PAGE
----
L.A. City Fire Department's Station 88 urban search-and-rescue (USAR) team practices for catastrophic natural disasters like the earthquake in Haiti.
Earthquakes in urban environments mean collapsed buildings, landslides, rubble and trapped, panicked people. Los Angeles is well-equipped to handle these emergencies with six local response teams. They train constantly to be ready when the ground starts shaking here or wherever they are called.
"But you don't want to waste all of that precious time in one area where there isn't anybody," said USAR team member Hollyn Bullock.
Bullock operates sensitive sound-detection equipment with a team member who scans video images from a camera fixed to a long pole. They're first on a rubble pile, watching and listening.
"You would be able to hear someone tapping," said Bullock. "We also have audio that you could hear them crying out, but more so someone tapping because they are buried so deep."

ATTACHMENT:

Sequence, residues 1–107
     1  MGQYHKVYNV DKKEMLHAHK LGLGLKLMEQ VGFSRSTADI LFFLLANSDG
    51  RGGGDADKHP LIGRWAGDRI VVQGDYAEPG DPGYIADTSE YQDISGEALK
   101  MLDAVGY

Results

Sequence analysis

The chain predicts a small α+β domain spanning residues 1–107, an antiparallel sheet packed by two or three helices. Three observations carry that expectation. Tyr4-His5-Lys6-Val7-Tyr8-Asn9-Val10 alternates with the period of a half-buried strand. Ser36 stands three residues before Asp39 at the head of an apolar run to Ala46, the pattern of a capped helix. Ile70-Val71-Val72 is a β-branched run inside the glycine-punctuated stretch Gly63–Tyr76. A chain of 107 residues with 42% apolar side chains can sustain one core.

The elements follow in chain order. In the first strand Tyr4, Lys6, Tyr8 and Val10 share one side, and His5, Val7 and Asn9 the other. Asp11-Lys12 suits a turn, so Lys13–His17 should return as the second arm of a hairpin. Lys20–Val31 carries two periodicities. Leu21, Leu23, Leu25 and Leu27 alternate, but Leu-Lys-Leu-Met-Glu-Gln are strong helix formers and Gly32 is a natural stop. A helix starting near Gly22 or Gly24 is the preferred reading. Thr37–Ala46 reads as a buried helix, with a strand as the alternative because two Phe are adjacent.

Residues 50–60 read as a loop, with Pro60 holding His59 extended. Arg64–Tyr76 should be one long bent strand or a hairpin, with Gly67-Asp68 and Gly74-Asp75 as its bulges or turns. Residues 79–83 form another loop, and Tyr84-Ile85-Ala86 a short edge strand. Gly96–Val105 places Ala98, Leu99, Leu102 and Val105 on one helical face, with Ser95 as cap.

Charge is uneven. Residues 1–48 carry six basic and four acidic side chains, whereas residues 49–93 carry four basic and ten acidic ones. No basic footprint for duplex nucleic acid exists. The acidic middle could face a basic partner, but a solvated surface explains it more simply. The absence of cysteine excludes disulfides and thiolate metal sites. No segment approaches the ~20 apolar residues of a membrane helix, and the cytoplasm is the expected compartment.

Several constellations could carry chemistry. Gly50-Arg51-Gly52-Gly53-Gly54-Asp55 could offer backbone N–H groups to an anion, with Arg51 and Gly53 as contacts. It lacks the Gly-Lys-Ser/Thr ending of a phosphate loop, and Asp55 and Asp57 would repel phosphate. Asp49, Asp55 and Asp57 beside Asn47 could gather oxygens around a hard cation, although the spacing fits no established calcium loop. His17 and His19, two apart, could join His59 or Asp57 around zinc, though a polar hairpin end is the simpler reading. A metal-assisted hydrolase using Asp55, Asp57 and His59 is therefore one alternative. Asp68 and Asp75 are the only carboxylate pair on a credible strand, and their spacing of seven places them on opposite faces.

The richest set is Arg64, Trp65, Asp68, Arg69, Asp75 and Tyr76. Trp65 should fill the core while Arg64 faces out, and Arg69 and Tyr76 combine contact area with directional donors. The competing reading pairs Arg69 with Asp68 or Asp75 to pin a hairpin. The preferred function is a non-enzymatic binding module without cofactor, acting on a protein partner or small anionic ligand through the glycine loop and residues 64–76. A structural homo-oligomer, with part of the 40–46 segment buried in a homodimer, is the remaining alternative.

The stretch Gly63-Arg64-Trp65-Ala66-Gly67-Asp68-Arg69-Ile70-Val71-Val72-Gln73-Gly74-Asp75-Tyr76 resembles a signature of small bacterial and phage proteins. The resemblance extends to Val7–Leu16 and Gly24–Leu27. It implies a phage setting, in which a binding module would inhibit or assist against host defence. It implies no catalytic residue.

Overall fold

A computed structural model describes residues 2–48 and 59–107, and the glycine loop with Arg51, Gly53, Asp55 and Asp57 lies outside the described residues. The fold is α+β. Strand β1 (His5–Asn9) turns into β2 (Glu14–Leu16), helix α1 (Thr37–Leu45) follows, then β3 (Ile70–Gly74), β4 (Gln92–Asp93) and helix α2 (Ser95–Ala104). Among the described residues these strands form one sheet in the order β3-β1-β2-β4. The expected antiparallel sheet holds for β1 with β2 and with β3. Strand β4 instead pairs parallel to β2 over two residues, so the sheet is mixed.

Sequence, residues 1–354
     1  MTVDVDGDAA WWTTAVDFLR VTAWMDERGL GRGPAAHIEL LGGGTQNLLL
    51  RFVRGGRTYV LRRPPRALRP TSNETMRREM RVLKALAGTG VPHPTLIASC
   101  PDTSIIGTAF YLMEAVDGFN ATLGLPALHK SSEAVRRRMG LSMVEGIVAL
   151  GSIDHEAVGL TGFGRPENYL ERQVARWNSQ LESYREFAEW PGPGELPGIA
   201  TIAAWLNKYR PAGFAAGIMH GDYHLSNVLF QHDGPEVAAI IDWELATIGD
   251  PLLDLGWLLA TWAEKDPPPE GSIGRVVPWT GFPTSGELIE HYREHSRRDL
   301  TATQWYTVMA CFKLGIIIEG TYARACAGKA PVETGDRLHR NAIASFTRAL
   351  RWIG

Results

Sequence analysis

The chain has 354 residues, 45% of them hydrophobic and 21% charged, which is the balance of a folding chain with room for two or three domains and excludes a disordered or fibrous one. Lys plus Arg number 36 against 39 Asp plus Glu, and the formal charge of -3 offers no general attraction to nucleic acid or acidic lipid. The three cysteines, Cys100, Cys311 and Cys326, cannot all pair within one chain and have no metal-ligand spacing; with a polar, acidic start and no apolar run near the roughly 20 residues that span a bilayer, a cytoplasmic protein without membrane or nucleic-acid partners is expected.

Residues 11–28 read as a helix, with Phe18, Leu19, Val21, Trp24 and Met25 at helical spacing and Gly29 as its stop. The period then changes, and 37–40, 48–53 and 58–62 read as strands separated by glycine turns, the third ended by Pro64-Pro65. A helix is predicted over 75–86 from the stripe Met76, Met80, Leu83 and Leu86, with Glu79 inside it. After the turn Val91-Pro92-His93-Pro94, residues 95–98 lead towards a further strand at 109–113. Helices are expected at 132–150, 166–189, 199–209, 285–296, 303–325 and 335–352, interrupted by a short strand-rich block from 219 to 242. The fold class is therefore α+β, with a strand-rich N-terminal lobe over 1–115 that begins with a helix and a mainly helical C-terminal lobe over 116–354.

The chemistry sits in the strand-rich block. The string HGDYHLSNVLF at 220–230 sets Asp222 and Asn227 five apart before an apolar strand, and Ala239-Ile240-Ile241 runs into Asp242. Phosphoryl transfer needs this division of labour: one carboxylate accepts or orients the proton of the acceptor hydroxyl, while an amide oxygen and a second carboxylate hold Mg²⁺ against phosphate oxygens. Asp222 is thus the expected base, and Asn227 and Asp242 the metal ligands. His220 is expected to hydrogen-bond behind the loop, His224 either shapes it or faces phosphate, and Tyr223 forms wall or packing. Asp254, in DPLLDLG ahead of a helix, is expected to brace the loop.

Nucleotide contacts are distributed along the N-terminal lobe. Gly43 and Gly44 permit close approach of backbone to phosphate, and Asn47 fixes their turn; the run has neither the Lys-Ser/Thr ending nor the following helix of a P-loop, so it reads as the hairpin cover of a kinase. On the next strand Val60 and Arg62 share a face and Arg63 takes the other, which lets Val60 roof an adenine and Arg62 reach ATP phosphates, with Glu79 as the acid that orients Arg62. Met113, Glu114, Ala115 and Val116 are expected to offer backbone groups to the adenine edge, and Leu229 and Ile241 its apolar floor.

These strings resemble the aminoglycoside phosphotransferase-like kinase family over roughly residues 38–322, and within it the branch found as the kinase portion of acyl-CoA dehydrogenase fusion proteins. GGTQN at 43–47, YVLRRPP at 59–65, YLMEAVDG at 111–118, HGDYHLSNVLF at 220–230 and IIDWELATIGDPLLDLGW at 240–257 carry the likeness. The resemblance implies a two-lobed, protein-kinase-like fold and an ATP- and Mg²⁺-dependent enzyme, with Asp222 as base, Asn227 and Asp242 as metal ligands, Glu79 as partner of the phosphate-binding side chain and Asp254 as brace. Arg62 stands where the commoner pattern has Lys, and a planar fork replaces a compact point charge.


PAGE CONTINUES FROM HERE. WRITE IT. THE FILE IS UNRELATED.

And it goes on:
Rescuers can't dig everywhere, so it's important to pinpoint victim locations before the rest of the team goes to work with their heavy equipment. The priorities, in order, are surface rescue, then void spaces between sections of collapsed buildings, then deep debris removal and rescue.
"We try to do the best for the most," said L.A. City Fire Dept. Battalion Chief Jack Wise. "We have to make those rescues on those areas that we can get to quickly."
In addition to its six local teams, L.A. City fields a Federal Emergency Management Agency (FEMA) USAR team called California Task Force One. In the past, it has responded to the 9/11 disaster in New York, Hurricane Katrina in New Orleans, as well as earthquakes right here at home.
These rescuers will be watching and cheering their brethren from the county fire department who are going to Haiti. They know it is going to be a tough job. It will be very difficult searching through the rubble of that horrible earthquake there, but they know that the county rescuers, like them, are well-trained to do the job.